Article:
Mother Who Lost Her Son Inspires The Duke Of Cambridge To Take An Action Against Cyberbullying


Mother Who Lost Her Son Inspires The Duke Of Cambridge To Take An Action Against Cyberbullying

According to research done by anti-bullying charity, Ditch The Label, 1 in 2 people experiences bullying at some point before their 20th birthday.

It’s safe to say that bullying has been around for quite some time and is very rampant. However, in recent times, with the advent of social media, bullying has taken on a new stage.


Bullying on the playground can be easily stopped by attentive teachers and students working together; however, this new form of bullying, known as cyberbullying, can be really difficult to check mainly because of the one-to-one communication style of social media.

And most recently, cyberbullying has led to 17-year-old Felix Alexander’s suicide.

The sad case of Felix Alexander

Beneath the scruffy hair, cute face, and charming smile, Felix was aching.


His mother, Lucy Alexander, reported that he had been bullied since he turned 10 after he was teased over not being allowed to play the video game, "Call of Duty – Modern Warfare 2." He changed schools, but cyberbullying followed him everywhere.

People who didn’t even know him were abusing him, and over time, Felix became isolated and frustrated. This would eventually result in him taking his life by stepping in front of a moving train on April, 2017.

The open letter that inspired royalty to action

Lucy Alexander, the mother of Felix, wrote an open letter to the public, published in the Worcester News, to draw attention to the effects of cyberbullying.


She explained how it had affected Felix, making him feel socially isolated. She said that her boy was,

Badly damaged by the abuse, isolation, and unkindness he had experienced, that he was unable to see just how many people truly cared for him.

In the letter, Alexander said she was not writing for sympathy but for the sake of other children who were also being bullied.

And it’s not hard to see why she wrote the letter. If left unchecked, cyberbullying would continue to cause more suicides among young people. However, the Duke of Cambridge has something to say about it.


The Duke’s plan to combat cyberbullying

Lucy Alexander’s open letter caught the attention of Prince William, The Duke of Cambridge.

Felix’s touching story piqued his interest and the problem of cyberbullying became a passion project for him. He partnered with social media giants, such as Facebook and Snapchat, and launched a guide for children on how to cope with a "banter escalation scenario" to help combat cyberbullying.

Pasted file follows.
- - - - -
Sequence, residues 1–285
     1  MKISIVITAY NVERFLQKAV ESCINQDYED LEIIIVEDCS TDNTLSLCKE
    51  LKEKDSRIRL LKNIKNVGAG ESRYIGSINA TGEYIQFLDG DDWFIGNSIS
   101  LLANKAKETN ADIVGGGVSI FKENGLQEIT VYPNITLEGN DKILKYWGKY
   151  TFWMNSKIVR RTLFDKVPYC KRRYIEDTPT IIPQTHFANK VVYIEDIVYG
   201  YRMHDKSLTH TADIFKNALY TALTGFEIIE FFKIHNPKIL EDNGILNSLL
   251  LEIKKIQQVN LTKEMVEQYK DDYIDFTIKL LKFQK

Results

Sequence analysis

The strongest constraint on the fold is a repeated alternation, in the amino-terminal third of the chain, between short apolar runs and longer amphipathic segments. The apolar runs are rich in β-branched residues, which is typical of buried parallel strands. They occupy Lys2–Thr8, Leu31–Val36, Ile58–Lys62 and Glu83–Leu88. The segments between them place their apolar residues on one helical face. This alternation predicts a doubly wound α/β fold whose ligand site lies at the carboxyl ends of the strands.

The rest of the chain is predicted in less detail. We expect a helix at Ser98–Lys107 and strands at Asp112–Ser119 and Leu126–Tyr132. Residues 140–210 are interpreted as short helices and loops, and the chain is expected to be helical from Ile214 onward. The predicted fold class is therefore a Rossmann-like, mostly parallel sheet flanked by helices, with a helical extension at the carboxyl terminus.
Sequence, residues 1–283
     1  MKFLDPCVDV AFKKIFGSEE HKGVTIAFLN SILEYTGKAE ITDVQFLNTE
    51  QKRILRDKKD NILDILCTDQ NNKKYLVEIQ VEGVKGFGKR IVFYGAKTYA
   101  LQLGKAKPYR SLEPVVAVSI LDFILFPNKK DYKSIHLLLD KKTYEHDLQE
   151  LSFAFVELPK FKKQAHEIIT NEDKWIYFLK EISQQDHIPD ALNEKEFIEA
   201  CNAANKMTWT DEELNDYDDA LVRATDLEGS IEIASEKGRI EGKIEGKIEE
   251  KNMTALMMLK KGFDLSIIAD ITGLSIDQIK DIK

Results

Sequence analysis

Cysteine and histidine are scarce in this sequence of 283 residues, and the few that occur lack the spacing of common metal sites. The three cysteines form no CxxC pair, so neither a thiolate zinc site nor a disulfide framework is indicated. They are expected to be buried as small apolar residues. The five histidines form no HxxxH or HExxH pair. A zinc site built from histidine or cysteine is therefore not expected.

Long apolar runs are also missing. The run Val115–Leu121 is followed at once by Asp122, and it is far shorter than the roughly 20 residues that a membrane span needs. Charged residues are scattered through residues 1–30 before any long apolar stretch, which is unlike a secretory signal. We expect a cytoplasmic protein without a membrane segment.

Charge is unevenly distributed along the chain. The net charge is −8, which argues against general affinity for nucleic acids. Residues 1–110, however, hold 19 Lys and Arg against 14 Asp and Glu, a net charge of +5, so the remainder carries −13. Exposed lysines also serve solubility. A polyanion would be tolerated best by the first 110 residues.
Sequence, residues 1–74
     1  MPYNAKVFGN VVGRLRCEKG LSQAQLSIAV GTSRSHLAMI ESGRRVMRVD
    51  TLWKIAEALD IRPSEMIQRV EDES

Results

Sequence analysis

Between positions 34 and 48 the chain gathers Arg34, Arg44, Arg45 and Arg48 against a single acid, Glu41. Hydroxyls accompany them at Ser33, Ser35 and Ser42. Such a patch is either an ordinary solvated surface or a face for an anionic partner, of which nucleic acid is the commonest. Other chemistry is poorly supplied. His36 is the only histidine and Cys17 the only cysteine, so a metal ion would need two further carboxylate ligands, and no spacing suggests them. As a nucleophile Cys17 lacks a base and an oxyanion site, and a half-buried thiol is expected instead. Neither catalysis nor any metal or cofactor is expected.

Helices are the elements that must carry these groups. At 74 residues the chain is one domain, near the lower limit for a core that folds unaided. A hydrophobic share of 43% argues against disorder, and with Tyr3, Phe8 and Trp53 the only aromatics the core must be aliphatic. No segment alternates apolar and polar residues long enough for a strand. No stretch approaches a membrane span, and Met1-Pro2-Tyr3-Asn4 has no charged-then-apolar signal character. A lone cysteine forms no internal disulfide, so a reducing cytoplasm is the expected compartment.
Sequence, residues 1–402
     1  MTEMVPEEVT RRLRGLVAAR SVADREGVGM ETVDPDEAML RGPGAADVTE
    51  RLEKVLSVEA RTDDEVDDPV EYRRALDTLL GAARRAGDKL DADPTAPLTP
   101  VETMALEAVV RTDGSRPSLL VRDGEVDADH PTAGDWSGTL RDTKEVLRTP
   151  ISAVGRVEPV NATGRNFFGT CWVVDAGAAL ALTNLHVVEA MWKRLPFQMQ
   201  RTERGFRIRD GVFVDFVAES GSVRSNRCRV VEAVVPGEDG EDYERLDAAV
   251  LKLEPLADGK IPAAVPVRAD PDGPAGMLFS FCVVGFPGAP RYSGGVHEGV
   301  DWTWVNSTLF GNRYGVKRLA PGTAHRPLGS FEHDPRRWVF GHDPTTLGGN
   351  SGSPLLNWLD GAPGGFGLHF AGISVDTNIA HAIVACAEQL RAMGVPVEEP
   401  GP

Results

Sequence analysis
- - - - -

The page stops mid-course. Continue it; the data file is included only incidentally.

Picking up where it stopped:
This project brings together organizations, such as broadband companies, Apple, Facebook, Google, Snapchat, and Twitter, work with the NSPCC and Diana Award to announce a code of conduct for the internet, urging young people to "stop, speak, support."


It asks young people to stop and consider what the situation is before joining in negative activity online, speak to an adult, report about any abuse if they are concerned, and offer support to an individual being targeted.

This project sees the UK become the first country to take a stand, make a plan of action to tackle cyberbullying, and come up with a national code of conduct for the internet.

Ahead of the launch, in a video filmed to put a spotlight on the project, Lucy Alexander told William about her son, Felix. She said:

Social media was his life, … It was the way everyone communicated, and if you weren’t on it, you were isolated. If he was invited to a party, someone would text saying: ‘You don’t want to invite him. Everyone hates him’. And all he saw was negative. He saw himself as stupid and ugly. It just ate away at him inside, I think, but I had no idea of the depth of his despair at all.

In the same breath though, she said she feels called to a higher assignment in life with this turn of event.

Also, Chloe Hines, a campaigner and member of the Taskforce Youth panel, who was a victim of cyberbullying, shared her experience. She explained that she began to self-harm in order to deal with how she felt. She, however, found relief in songwriting, saying:

It was songwriting that made me realize that my life was worth living.

The Duke of Cambridge also drew attention to the dangers of cyberbullying – its anonymity and the fact that it is tough to detect and curb, unlike bullying on a regular playground.

It’s great to see Prince William as well as the entire UK taking a step to end this menace. It’s our hope that other countries follow their worthy example.

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